A Standardized Method for Using EEG to Measure Stress Reduction and Mediation Depth

A new study has proposed a standardized way of using brain wave measurements to track psychological improvement and meditative states.
By: Energy Psychology Group, Inc
PETALUMA, Calif. - Feb. 9, 2023 - PRLog -- Most studies measure changes in psychological conditions like anxiety, depression and stress using standardized questionnaires filled out by participants. However, these conditions can also be measured using EEG (electroencephalogram) readouts of brain wave activity. While questionnaires reflect peoples' subjective experience, brain wave activity as measured by the EEG offers an objective way to measure information flows in neural circuits.

The EEG readouts of stressed people show a greater intensity of a fast brain wave called beta 2, and corresponding reduction in other frequencies. Slower alpha waves appear as people calm down, and meditation training using EEG typically guides participants into generating alpha waves.

The field of neurofeedback uses this information to show people how to relax. Electrodes are placed on the surface of the scalp, participants see their brain waves in real time, and then practice exercises or mental states that produce the waves characteristic of serenity.

Because of the variety of neurofeedback devices and lack of common standards, neurofeedback has gained only a limited foothold in primary care despite hundreds of studies demonstrating its effectiveness. Typically, each study uses unique criteria for interpreting its results, making it difficult to generalize benefits of neurofeedback as demonstrated by its extensive scientific literature.

A research team led by Dawson Church of the National Institute for Integrative Healthcare (NIIH.org) looked for a standardized EEG pattern that could measure the reduction of psychological distress and the depth of meditation. They examined the brain wave readouts of 117 people attending a four-day meditation workshop led by author and educator Joseph Dispenza.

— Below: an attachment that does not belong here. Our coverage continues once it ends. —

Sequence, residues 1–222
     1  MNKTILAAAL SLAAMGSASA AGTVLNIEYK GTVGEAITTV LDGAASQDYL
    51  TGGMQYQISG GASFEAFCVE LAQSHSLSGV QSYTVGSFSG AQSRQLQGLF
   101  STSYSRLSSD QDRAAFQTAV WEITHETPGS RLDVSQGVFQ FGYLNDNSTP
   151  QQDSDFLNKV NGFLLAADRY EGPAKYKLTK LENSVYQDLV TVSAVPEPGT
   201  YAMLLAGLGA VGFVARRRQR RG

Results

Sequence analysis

After the training, participants were able to acquire and sustain a stable alpha brain state more quickly. The intensity of their beta 2 brainwaves, the signature wave of stress, diminished greatly. At the same time, their intensity of delta, a wave associated with the deepest levels of relaxation, increased. The amount of time it took them to enter meditation diminished significantly.

The changes in brain waves were associated with significant increases in subjective wellbeing. Happiness increased while anxiety and depression decreased. The results were maintained on 6-month follow-up.

The NIIH study found that the ratio of beta 2 to delta brain waves was a common measure of relaxation and the depth of meditation. The research team recommended that this be used as a standard for future research. Such a standard would overcome one of the primary obstacles to having neurofeedback adopted in primary care.

A common standard for EEG research could accelerate the development of neurofeedback-based therapies that reduce stress and provide a yardstick for measuring the effectiveness of meditative practices.

Full study: https://www.frontiersin.org/articles/10.3389/fpsyg.2022.928123/full
Source:Energy Psychology Group, Inc
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